Knowledge of Disabilities
3 June 2015
Employers have a duty to make ‘reasonable adjustments’ for disabled employees. Often a disability will be self evident, therefore establishing whether reasonable adjustments should be made will not be a problem. However, the issue is not always so clear cut as there are a number of conditions which may fall into the disability definition that you might not have realised would be covered. A disability under the Equality Act 2010 is defined as:
“A physical or mental impairment”, which “has a substantial and long-term adverse effect on” the individual’s “ability to carry out normal day-to-day activities.”
In order to make reasonable adjustments where necessary, an employer needs to have knowledge of a disability in order. This knowledge could be:
‘Actual’ knowledge - where the employee or a medical professional has informed the employer of a disability; or
‘Constructive’ knowledge - if an employer could reasonably be expected to know of a disability.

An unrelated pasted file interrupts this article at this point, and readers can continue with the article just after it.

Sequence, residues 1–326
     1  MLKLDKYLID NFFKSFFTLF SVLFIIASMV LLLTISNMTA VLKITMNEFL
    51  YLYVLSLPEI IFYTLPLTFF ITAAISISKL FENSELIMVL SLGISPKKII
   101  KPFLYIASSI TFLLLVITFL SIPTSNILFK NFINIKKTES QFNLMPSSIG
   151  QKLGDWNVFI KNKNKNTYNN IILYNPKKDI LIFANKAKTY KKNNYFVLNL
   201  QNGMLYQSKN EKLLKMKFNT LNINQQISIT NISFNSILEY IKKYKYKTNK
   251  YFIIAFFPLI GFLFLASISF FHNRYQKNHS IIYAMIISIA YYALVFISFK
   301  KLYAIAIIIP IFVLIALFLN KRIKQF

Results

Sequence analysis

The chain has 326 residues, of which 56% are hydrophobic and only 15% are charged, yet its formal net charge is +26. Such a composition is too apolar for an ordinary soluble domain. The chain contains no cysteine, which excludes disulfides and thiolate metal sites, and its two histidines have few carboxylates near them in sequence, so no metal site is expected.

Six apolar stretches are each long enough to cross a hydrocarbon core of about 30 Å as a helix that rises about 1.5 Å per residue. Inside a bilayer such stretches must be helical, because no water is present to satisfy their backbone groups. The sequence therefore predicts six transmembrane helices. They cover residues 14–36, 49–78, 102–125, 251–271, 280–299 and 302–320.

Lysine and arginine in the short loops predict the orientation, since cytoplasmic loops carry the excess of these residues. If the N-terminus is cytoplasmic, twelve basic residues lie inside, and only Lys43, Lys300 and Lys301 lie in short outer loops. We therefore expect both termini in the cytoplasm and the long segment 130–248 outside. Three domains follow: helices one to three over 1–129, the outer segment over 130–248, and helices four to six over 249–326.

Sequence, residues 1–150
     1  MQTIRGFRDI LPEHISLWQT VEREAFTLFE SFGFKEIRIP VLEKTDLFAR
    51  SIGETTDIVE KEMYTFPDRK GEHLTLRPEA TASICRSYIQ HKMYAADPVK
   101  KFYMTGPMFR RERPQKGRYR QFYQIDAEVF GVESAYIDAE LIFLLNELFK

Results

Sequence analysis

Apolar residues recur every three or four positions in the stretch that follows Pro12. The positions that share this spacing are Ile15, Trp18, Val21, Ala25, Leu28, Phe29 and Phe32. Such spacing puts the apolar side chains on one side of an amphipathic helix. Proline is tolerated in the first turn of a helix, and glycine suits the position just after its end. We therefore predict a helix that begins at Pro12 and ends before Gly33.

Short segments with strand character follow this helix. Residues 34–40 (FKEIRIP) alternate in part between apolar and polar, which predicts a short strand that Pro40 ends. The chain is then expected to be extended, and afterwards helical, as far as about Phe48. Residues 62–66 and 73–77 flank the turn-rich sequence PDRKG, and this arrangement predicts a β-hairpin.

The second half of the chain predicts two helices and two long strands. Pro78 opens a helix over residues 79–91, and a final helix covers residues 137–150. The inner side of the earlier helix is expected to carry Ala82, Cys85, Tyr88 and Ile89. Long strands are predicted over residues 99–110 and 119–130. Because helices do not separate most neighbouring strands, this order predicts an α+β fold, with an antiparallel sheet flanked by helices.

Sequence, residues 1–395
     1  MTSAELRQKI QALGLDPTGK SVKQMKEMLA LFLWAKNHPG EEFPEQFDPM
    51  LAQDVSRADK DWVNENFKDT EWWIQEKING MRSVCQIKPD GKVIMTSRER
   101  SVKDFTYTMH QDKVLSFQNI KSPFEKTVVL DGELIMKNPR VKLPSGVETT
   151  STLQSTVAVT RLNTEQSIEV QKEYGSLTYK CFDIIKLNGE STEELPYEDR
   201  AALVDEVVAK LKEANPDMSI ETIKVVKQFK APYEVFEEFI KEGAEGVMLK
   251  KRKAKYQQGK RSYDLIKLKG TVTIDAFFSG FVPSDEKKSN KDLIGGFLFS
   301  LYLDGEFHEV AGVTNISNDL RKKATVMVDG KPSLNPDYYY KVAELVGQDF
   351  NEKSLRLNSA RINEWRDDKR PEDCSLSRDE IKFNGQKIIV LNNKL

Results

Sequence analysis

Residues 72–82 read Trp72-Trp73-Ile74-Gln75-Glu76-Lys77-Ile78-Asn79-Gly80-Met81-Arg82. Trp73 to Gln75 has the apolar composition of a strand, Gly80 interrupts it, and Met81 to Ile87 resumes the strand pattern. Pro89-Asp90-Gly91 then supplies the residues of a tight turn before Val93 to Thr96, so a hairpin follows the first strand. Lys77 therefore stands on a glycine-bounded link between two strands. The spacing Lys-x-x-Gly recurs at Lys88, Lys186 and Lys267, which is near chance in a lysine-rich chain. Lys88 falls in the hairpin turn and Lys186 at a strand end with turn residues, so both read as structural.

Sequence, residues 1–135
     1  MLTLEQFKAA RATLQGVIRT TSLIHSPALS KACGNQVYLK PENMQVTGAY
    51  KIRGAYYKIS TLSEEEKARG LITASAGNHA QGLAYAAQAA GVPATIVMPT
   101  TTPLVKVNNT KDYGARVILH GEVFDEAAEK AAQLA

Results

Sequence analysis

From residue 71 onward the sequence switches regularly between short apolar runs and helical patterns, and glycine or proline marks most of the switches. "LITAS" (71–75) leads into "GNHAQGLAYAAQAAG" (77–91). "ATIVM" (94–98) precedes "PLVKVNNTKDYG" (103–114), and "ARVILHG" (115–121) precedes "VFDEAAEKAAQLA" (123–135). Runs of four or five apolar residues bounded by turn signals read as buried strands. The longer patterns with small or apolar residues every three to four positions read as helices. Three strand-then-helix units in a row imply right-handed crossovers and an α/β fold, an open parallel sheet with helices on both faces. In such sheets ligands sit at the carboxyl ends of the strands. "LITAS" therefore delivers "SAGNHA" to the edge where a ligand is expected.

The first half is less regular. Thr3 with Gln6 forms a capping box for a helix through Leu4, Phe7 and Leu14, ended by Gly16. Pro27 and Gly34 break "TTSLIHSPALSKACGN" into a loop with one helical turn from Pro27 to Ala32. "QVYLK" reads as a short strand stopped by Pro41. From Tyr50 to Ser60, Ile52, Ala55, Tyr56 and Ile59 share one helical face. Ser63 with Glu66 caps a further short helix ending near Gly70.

However, what steps does an employer need to take in order to ascertain whether the employee may be disabled?
Recent case law offers reassurance to employers. The Employment Appeal Tribunal has directed that employers do not have to “do everything conceivable” during the course of their investigations. An “adequate” and “reasonable” investigation will suffice. Each case will depend upon it’s own specific facts, but as long as the employer can be shown to have acted in a reasonable way, they will not be expected to have done more.
It must be emphasised that this does not mean employers can underestimate the measures they should take when determining if an employee is potentially disabled. For instance, relying unquestioningly upon an occupational health report is not sufficient. It is important that employers undertake a range of measures in order to make up their own mind. This may include holding ‘return to work’ meetings, engaging with the employee or correspondence with the employee’s GP (with the consent of the employee concerned).
Disability and other forms of discrimination are just one avenue of employment law that Alpha can support your business with. With an Alpha membership, you would have access to unlimited robust HR and Employment Law advice from a firm of solicitors that does not sit on the fence. If you’re interested in learning more about how we can help you, please feel free to contact us.
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